Galapagos Map
Galapagos_Islands_topographic_map-de.svg: Eric Gaba (Sting – fr:Sting), translated by NordNordWestderivative work: MatthewStevens [CC BY-SA 3.0]
One cruise destination that escapes the recognition of many travelers is undoubtedly the Galapagos. However, the Galapagos is becoming a more popular destination, and with the addition of two ships to the area by 2020, now may be the time to consider visiting the Ecuadorian islands.

Situated some 500 miles off the western coast of Ecuador, the islands first appeared on maps toward the end of the 16th century. By 1793, the Galapagos Islands was used as a base for numerous whaling operations. Fast forward more than a century and a half later: In 1960, tourism began to develop in the area. Cruising, on the other hand, is a relative newcomer to the Galapagos.

The Galapagos are the combined size of Puerto Rico, with a diversity of look and feel that is truly astonishing: from lava flow and desert-like vistas to a wide range of shrubs and greenery. It’s an eye-opening look at what nature and biology have created.

When Charles Darwin visited these islands in 1835, he spent about five months exploring the four main islands. But while Darwin had his HMS Beagle, a scientific vessel, today’s cruisers have a selection of upscale vessels to see the area.

Getting To The Galapagos

For most of us, getting from North America to the Galapagos is something of a multi-connection wonder. Most will be routed to Ecuador or Peru. From there, a two-to-three hour flight will transport you to Galapagos Islands — airport code GPS, also known as Baltra or Isla Baltra, depending on your itinerary.

If you board your ship in Baltra, there’s a short time at sea before you get to North Seymour Island. For the active guests, some excursions  include climbing as many as 360 steps to the top of a hill. Some are zodiac (in local parlance, “Pangas”) rides along the shoreline.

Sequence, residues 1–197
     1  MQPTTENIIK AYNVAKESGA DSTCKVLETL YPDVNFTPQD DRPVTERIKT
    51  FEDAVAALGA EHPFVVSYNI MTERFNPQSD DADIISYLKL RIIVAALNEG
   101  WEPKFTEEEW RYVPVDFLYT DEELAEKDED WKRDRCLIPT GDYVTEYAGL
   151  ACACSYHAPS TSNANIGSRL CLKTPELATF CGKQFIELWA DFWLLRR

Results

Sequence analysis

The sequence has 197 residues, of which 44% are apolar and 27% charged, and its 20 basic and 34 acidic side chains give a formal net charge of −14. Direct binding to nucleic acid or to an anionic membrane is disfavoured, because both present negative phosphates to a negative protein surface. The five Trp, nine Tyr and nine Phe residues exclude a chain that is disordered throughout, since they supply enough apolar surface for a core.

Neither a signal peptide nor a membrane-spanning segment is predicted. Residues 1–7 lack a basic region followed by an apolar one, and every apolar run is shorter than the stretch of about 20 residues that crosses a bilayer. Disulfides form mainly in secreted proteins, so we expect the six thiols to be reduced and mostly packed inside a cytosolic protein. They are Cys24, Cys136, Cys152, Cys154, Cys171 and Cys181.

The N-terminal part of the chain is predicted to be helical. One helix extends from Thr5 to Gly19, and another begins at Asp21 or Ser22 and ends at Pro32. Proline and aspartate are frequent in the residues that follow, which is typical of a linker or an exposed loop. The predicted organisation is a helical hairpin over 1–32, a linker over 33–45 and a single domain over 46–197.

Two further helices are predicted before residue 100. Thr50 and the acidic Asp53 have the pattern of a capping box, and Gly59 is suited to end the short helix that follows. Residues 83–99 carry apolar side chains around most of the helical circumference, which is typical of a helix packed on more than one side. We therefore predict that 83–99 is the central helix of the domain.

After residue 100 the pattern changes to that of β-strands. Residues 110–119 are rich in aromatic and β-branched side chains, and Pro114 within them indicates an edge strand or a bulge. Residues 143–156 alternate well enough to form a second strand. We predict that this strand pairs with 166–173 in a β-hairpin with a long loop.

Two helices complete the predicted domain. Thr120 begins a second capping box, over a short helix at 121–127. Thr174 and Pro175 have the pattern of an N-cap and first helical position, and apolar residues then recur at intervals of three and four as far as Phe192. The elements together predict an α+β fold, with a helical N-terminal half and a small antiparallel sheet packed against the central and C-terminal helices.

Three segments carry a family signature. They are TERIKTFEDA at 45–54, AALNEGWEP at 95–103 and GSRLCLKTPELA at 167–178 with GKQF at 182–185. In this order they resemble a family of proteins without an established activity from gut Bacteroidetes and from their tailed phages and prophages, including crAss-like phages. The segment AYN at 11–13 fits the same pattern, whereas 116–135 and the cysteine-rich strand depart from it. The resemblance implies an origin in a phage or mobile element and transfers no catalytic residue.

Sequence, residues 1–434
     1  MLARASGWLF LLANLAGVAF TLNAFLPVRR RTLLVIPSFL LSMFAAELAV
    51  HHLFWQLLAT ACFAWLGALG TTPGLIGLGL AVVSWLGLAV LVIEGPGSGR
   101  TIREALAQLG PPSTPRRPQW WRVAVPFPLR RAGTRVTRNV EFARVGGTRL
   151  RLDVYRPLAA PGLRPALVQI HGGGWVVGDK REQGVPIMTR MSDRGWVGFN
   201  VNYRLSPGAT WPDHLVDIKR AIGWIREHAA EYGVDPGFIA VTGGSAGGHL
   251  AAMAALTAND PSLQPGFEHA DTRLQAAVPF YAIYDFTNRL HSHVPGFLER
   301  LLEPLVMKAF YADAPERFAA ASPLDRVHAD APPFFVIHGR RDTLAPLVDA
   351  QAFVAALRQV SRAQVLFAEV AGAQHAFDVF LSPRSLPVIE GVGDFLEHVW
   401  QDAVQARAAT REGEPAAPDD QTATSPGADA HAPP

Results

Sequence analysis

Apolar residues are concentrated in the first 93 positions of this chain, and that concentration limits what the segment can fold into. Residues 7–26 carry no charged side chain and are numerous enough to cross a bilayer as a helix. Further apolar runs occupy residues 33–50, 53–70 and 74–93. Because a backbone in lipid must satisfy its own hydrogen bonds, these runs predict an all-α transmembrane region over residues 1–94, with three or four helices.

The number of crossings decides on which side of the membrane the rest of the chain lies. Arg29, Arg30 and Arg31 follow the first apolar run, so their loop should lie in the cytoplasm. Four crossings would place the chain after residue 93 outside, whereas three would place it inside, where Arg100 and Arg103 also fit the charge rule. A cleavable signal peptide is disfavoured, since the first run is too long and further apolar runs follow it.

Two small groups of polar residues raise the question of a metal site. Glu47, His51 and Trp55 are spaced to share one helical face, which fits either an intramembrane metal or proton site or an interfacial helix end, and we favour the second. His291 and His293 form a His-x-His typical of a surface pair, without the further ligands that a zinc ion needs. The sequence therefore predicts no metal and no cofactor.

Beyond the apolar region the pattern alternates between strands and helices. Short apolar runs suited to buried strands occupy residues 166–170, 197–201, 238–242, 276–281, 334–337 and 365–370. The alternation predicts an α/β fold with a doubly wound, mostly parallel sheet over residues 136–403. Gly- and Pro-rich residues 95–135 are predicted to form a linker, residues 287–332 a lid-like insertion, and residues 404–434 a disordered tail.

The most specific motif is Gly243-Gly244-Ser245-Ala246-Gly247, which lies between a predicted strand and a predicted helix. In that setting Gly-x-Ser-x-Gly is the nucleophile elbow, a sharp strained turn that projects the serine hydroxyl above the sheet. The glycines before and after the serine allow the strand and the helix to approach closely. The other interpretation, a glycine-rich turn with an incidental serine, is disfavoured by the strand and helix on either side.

There are expert naturalists aboard all ships. By Galapagos regulation, no guide can take more than 16 people at a time and each group must stay within specifically set boundaries for walking. Not to worry: right from the very first excursion, it will be a flat-out-knock-out triumph for animal lovers.

On North Seymour, you’ll see the Magnificent and Great varieties of Frigate Birds, with their wonderful red pouches as part of the mating ritual; the playful, or often sleeping, sea lions; and, of course, lots of the world-famous Blue-Footed Boobies.

450 pound, 100-year-old Tortoises; world-famous Blue-footed Boobies doing their comical mating dance; giant Albatrosses, ungainly on land soaring gracefully off a cliff; Frigate birds strutting giant red throat pouches; and, sea lions, oh the sea lions, virtually everywhere.

Wildlife is a primary reason to sail throughout the Galapagos Islands. Photo courtesy of Wikipedia / Creative Commons
Wildlife is a primary reason to sail the Galapagos Islands. Photo courtesy of Wikipedia / Creative Commons

Subsequent excursions give opportunities to see albatrosses, penguins, fur seals, marine and land iguanas, Galapagos Hawks, Masked Boobies, flamingos, sea turtles, pelicans, lava gulls and many, many more. The animals are almost completely unbothered by the presence of humans; we just do not appear to be a threat to them.

Who operates in the Galapagos?


Currently, guests can sail the Galapagos aboard Silversea’s Silver Galapagos; however, she will be joined by Silver Origin in 2020.

Silver Origin will feature technological enhancements to make her more environmentally friendly. The ship’s dynamic positioning system will allow Silver Origin to automatically maintain position to protect the sea floor; freshwater purification systems, installed in each suite, will enable the ship to reduce the consumption of single-use plastic bottles; an advanced Waste Water Treatment System will meet the strictest regulations in the market; and Silver Origin will meet the highest standards of energy efficiency in the segment.